From Andy Hoder (Redlands Community News):
Much the same as Measure G a few months ago (which met with a resounding smack-down 2-to-1 defeat), the new Measure T carries a lot of the same tone and uses similar manipulative language. But make no mistake, T is for Tax. And therein begins the argument. Is it an increase of One Penny or One Percent? On the City’s propaganda page it’s described in several places as a penny (i.e. one cent). You might say that mathematically it comes out the same either way. But in the language of advertising (and political campaigns), “one penny” sounds much cheaper than One Percent, and therefore more palatable. So I already smell something I don’t like.
Let’s be honest. The proposed tax increase is One Percent more than the existing Sales Tax. It goes from 7.75 PERCENT to 8.75 PERCENT. That means every taxable item you buy from now until forever will cost 1% more, which for an average family can translate to a couple hundred bucks per year per family member.
Although the City tries to justify the proposed tax increase because of the economic downturn caused by the coronavirus, Measure T will stay in place long after COVID-19 is brought under control and the economy has recovered. There is no “sunset clause” in the Measure.
Probably you’ve also noticed the full court press by the City to persuade you in favor of Measure T. It shows up all over social media, comes in the mail as slick flyers, and appears on big banners at various street corners. Somebody is putting a lot of money into this campaign at a time when the City is crying “we have no money.”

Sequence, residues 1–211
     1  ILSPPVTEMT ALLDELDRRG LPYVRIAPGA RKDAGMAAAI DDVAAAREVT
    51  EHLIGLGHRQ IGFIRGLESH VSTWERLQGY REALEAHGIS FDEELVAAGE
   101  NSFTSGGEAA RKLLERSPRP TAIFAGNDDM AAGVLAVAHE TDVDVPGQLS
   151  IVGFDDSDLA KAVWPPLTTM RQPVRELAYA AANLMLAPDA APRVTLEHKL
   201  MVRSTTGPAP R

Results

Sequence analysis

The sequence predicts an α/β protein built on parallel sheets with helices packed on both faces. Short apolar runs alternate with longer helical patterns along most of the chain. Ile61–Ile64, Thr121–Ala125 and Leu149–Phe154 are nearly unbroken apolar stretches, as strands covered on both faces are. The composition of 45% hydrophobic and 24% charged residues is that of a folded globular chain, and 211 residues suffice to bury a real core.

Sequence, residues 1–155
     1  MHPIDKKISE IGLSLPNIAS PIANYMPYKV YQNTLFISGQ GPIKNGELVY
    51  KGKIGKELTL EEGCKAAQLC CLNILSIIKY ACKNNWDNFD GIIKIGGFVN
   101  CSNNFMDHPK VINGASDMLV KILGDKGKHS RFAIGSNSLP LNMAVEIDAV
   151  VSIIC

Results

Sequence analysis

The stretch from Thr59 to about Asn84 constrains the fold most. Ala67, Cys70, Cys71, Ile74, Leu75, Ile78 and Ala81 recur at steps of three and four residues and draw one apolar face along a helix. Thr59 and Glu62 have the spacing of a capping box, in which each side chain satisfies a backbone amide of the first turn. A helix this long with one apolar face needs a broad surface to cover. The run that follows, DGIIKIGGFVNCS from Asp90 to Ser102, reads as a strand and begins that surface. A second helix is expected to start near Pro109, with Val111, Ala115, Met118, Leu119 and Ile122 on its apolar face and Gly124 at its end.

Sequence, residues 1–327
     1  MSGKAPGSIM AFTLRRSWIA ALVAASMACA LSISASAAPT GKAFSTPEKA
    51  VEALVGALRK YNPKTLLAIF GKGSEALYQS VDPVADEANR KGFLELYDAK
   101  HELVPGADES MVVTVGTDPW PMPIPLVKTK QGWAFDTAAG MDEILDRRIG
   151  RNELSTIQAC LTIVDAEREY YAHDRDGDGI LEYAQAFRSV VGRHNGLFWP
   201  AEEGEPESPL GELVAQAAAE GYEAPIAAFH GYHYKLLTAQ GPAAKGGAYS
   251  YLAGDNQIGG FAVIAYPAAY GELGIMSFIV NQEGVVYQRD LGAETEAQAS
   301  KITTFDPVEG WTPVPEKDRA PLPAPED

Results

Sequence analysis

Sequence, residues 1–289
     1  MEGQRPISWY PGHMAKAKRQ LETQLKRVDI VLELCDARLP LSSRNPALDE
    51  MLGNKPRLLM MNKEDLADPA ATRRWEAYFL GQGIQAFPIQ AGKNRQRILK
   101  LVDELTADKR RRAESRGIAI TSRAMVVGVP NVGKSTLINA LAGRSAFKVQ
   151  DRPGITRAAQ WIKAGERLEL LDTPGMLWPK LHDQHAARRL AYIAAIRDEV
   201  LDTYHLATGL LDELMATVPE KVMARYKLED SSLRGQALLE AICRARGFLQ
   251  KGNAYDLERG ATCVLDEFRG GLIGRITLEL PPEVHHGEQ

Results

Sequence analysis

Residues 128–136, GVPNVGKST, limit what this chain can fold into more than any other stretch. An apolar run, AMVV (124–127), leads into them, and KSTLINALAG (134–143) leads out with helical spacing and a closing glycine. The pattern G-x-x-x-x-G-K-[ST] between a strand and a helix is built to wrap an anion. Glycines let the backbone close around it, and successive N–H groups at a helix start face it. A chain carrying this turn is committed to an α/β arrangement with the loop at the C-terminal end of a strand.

Who would do such a thing and what would they have to gain? How about the City’s powerful labor unions? More money in the cookie jar means more coins available when it comes time to negotiate union contracts.
But according to the pro-T campaign literature, it sounds like without Measure T, disaster looms. Criminals will take over the City, your house will burn down because we don’t have enough fire fighters, and our vintage library will go out of business. Wouldn’t you give a penny to save all those things? Of course you would. It’s just a penny. Not.
However, if you oppose Measure T, it’s supposed to mean you don’t care about our City, it’s wonderful police force, it’s brave firefighters, and our beautiful library. Yet, it’s precisely because we DO care about our city that we think T is for Terrible.
I don’t like the attempt to guilt me into voting for Measure T by using melodramatic rhetoric, or scare tactics that forecast the collapse of our community if we don’t go along with the program.
There is nothing in Measure T that specifies exactly where the revenue will be spent, just a menu of “possibilities.” So why are we setting up the police and firemen as props to make you think that’s where the money is going?
Don’t be “shamed” into voting for Measure T, and don’t be fooled into thinking that it would solve the homeless issue or “make Redlands clean again.” When you fill out your ballot, go “eyes wide open.” Vote NO on Measure T.